Family Life
Photo of family with picture framesSDPC's vision is to be the “go-to” resource of choice for families when they need information or assistance in supporting the unique needs of their child and family.

Helping families is at the heart of SDPC's work.  Key to keeping that heart beating is an experienced staff, most often parents of children with special needs themselves, who provide caring and knowledgeable assistance to families from the very first contact, often at the time of diagnosis.

SDPC is unique in that it serves children with all disabilities and special needs, including emotional/behavioral, learning, physical, and mental health needs. No other organization in South Dakota offers such a broad range of service to families.  SDPC also works in coalition with a variety of organizations to coordinate and broaden the scope of assistance available to families.

Young child in Halloween CostumeHalloween Tips for Parents
of Children with Special Needs

A Project Guide containing information, instructions, and easy to use tools for a fun and successful Trick-or-Treat event for children of all abilities!  Includes information for non-food treats.

Facts and Precautions Related to

Enterovirus D68 has been confirmed in South Dakota.

What are Enteroviruses?

  • Enteroviruses are very common viruses; there are more than 100 different types.
  • Enterovirus D68 infections are less common than infections with other Enteroviruses.
  • Infants, children, and teenagers are more likely than adults to get infected with Enteroviruses and become sick.
Symptoms of Enterovirus D68?
  • Runny nose, sore throat, cough, wheezing, rash, and a fever.
  • Children with asthma and other chronic lung conditions are particularly vulnerable, as are children with weakened immune systems.
  • Difficulty breathing, chest pain, wheezing or blue lips are signs that the child requires immediate medical care.
Important information for children with asthma: Children who have previously been diagnosed with asthma should follow their asthma action plans and communicate with their health care provider regarding yellow and red zone instructions. More than half of the children with lab-confirmed EV-D68 in 2014 have a history of asthma or wheezing, according to the CDC. It's important for children with asthma to have their asthma be well-treated and controlled. Enteroviruses are spread by close contact with an infected person. You can also become infected by touching objects or surfaces that have the virus on them and then touching your mouth, nose, or eyes.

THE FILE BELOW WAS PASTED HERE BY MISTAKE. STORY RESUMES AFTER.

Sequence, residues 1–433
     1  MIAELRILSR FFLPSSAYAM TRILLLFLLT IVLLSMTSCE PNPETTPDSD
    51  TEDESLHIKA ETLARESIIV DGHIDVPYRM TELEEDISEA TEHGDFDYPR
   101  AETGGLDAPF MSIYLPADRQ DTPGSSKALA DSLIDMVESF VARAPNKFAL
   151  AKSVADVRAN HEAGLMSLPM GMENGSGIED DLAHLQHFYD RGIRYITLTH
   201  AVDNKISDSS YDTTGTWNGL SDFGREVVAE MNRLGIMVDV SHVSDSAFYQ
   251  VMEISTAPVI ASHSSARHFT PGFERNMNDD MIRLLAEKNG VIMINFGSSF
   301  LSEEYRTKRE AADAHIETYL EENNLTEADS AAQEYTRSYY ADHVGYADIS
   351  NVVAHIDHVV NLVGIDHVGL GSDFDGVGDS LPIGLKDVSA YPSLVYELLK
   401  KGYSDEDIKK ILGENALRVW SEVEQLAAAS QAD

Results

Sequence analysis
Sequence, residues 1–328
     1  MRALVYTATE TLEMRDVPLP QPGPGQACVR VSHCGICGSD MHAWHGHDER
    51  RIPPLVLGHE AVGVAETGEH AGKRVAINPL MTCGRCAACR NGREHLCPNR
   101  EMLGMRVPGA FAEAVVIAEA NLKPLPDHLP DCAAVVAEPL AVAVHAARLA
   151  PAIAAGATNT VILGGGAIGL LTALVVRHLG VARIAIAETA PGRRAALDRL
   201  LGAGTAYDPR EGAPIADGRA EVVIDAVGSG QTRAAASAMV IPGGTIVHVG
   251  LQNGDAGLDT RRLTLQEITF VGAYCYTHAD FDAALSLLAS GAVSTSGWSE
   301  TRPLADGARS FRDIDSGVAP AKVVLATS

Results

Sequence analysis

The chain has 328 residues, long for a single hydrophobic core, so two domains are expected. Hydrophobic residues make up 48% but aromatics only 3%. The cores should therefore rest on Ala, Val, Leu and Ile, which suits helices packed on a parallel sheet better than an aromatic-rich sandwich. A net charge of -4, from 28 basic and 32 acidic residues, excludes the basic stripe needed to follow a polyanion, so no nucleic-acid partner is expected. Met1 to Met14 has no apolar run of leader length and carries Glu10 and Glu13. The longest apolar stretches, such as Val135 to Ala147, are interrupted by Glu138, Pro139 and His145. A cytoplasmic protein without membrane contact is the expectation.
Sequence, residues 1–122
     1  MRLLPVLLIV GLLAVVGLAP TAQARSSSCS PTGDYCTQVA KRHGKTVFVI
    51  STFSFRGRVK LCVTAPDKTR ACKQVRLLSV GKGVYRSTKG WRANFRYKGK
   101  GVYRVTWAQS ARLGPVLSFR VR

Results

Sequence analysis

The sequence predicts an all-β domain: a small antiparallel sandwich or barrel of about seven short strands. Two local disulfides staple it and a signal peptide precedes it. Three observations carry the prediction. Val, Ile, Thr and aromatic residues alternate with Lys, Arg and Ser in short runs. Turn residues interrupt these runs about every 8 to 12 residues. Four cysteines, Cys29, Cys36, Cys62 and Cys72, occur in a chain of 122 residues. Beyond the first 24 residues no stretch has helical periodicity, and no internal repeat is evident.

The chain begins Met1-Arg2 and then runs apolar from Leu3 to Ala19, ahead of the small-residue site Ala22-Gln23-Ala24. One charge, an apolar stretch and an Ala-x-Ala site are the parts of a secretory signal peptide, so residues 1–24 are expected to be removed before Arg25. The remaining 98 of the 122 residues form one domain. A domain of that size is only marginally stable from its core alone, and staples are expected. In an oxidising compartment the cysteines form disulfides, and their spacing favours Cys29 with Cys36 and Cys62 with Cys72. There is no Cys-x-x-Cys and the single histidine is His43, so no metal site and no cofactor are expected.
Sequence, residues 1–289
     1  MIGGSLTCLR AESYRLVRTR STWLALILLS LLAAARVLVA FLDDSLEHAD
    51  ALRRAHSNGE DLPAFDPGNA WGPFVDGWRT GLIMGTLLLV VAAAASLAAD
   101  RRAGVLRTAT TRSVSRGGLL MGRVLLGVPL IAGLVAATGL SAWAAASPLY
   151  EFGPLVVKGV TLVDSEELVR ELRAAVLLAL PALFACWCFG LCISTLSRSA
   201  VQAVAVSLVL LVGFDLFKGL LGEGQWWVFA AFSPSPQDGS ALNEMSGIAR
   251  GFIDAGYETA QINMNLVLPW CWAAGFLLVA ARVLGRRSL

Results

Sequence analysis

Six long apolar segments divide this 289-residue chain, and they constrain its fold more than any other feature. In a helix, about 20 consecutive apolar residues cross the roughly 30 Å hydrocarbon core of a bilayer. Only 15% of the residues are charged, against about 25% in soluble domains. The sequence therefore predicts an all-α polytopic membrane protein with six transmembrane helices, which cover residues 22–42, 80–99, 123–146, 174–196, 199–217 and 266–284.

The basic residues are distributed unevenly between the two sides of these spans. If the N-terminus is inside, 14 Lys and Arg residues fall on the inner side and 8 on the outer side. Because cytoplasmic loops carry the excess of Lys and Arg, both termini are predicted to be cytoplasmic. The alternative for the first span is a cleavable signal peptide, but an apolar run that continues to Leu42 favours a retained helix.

To reduce the risk of infection with Enteroviruses, recommendations include:

  • Wash hands often with soap and water for 20 seconds, especially after changing diapers
  • Avoid touching eyes, nose, and mouth with unwashed hands
  • Avoid kissing, hugging, and sharing cups or eating utensils with people who are sick
  • Disinfect frequently touched surfaces, such as toys and doorknobs, especially if someone is sick
  • Stay home when feeling sick, and consult with your health care provider
Enterovirus is different from the flu. To minimize confusion with influenza, and to protect against the flu virus, the American Academy of Pediatrics recommends all children ages six months and older be vaccinated against influenza at the earliest possible time.

Protect Your Children from the Flu!
Flu is serious business. Children and youth with special health care needs and disabilities are particularly vulnerable and at increased risk for influenza complications. Intellectual disability and epilepsy were the two most common neurologic/neurodevelopmental conditions among children who died during the 2009 influenza pandemic, but were conditions least likely to be recognized as high-risk by physicians.

What should families do?
Parents and caregivers should take steps to make sure everybody in the household is as protected as possible. Ensure children with special needs receive a flu vaccination annually. Vaccinations of other household members will provide additional protections, especially if a child with special health needs is unable to be vaccinated.

South Dakota's Child Influenza Immunization Initiative offers free flu vaccine for South Dakotans aged 6 months through 18 years. While the vaccine is free, providers may charge an administration fee; the fee must be waived if the individual is unable to pay. Contact your primary care provider to schedule a vaccination or contact SD Department of Health at 1-800-738-2301 (or visit to locate a vaccine provider near you.

Family and Medical Leave Act Provision
Related to Parents of Children with Disabilities

Parents can take leave from work to care for their adult children with disabilities who are unable to care for themselves because of a mental or physical disability. This is the result of a new interpretation of the Family and Medical Leave Act (FMLA) by the U.S. Department of Labor. This clarifies that FMLA-protected leave for a parent is not dependent on the age of the adult child or the date of onset of their disability. It also broadens the definition of ‘disability’ to reflect the Americans with Disabilities Act Amendments Act (ADAAA). Learn more about the FMLA and read the interpretation.

Resources for Families

For articles and helpful tools on a variety of issues,
visit our Virtual Library.

For information on Disabilities and Disorders Resources for Families,
visit our Helpful Links - Disabilities and Disorders page.

For information on Sibshops and other supports for siblings,
visit our Siblings page.

For information on statewide trainings and events,
visit our Calendar of Events.

For information on support groups for parents or youth,
visit our Parents Support Groups and Youth Support Groups pages.

For information on upcoming learning opportunities, parenting classes and more,
visit our Parenting page.